By Majid Rafizadeh
September 13, 2021
As the Iranian regime prepares to confront a host of domestic crises by installing Ebrahim Raisi as president, it finds itself fighting another losing battle, this time against growing resistance at home and a determined opposition force seeking its overthrow.
This seminal battle stands to define Iran’s future, and with it, the fate of the Middle East, which is now threatened by the Tehran regime’s religious extremism as well as by its militia, terror and proxy groups.
Since 2017, the regime has been shocked by at least four major popular uprisings against its shaky extremist rule. In November 2019, Tehran carried out a massacre in the streets, killing at least 1,500 protesters. At the time, authorities, shaken by the protests’ organized nature, blamed the main opposition group Mujahedin-e Khalq for leading the demonstrations.
Supreme Leader Ali Khamenei pointed a finger at the group in one of his speeches, saying: “The protests were prepared months ago. The media of the Mujahedin-e Khalq admitted this. They said, recently, that they were in contact with Americans some months ago, to carry out US orders to organize riots, meet with this or that person, find individuals inside the country to help them fan out to the people. And that it was they who initiated this.”
Khamenei described opposition to his rule as part of a “triangle of enemies” that had planned, financed and carried out the latest uprising.
Alarmed by the protests, Khamenei and his praetorian guard the Islamic Revolutionary Guard Corps apparently decided to consolidate power and prepare to use brute force to crack down on looming rebellion.
As a result, in June, they installed Raisi as president. Raisi — despised in Iran for his involvement in the 1988 massacre of over 30,000 political prisoners, mostly opposition activists — has, in turn, placed ruthless functionaries, corrupt agents and terrorist masterminds in control of various government departments. Meanwhile, the opposition group has responded by increasing and widening the scope of its already extensive campaign inside Iran.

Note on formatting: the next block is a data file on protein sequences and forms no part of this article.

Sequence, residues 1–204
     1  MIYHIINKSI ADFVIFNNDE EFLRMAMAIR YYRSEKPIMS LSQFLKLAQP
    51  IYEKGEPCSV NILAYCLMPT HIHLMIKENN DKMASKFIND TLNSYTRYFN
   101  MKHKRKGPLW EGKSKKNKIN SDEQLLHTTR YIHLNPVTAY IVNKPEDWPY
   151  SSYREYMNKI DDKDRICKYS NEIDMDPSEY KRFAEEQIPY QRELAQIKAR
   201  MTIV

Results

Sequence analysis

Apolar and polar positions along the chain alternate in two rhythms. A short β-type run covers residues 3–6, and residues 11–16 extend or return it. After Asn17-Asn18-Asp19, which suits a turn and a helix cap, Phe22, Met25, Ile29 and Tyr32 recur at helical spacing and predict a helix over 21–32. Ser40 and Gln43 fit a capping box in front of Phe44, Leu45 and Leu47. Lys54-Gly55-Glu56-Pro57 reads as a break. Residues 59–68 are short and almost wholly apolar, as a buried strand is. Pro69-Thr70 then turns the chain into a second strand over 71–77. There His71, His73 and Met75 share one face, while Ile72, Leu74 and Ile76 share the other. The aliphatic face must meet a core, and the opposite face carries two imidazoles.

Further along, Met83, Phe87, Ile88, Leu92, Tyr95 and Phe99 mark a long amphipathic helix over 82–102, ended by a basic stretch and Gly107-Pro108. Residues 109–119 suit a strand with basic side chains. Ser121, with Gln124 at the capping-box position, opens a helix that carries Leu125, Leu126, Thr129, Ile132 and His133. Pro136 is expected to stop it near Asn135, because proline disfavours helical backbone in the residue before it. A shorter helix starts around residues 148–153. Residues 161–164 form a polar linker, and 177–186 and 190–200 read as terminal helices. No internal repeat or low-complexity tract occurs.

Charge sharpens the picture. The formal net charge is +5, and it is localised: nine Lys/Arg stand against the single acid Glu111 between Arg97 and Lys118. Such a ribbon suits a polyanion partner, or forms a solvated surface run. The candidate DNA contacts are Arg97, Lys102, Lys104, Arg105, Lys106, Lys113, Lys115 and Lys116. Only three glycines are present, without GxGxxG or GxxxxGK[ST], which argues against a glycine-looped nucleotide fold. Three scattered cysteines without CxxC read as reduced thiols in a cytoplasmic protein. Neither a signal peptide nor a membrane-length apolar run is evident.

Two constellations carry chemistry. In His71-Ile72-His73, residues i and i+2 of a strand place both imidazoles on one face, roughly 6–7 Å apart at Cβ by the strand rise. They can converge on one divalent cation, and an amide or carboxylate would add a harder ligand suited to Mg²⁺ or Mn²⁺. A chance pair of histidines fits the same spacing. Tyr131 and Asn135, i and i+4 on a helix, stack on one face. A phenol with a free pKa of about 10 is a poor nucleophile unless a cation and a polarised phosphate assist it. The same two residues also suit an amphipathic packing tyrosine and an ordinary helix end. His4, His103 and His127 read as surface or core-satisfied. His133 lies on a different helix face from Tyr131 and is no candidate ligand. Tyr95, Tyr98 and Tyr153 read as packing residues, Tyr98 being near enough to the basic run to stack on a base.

Thousands of resistance units, small teams of activists, continue to carry out acts of defiance against the regime in order to encourage popular protests and exhaust the mullahs’ suppressive forces. This week, the MEK celebrated its 57th anniversary in style. Thousands of members held a massive biennial session at its Ashraf-3 camp in Albania, as well as in Berlin, Paris, London and other major cities.
In another sign of its stability and increasing strength, the MEK held internal elections, returning Zahra Merrikhi as secretary general for another two-year term. Unique and unprecedented in the Islamic Republic, women have a leading role in the opposition group. Its central council comprises 1,000 women, a third of whom are former political prisoners who endured unspeakable torture at the hands of the mullahs and IRGC. Many are young rising stars.
The rise of a new generation of activists inside the opposition warrants attention from the media and Iran observers. Many are third-generation, Western-educated cadres eager to transform Iran into a modern country capable of rejoining the international community as a constructive and contributing partner.
Determined and highly capable women in their 30s and 40s are also preparing to take the reins. To many Iranians, fed up with four decades of the medieval, misogynist rule by the mullahs, televised scenes of women taking charge in the opposition movement must be inspirational. In fact, the organization released dozens of videos from women inside Iran who said they were more inspired and prepared to overthrow the regime.
Activists and the Iranian opposition seem more resolute and optimistic about the downfall of the Iranian regime’s theocratic establishment.
The regime’s abysmal mismanagement of economic and social affairs has generated a powerful undercurrent of popular resentment. According to regime statistics, one third of the population now lives in absolute poverty. Opposition tallies indicate that nearly half a million people have died of the coronavirus and only 5 percent of the population has been vaccinated. The economy is on the verge of collapse and the corrupt fundamentalist theocracy has no solutions.
In these circumstances, more Iranians are turning their efforts, struggles and attention to defying the regime and establishing a free, inclusive and democratic government, with women playing a leading role in the future. That prospect will not only transform Iran’s political landscape, but also bodes well for a region threatened by the Tehran regime, and the resurgence of misogynist and fundamentalist forces.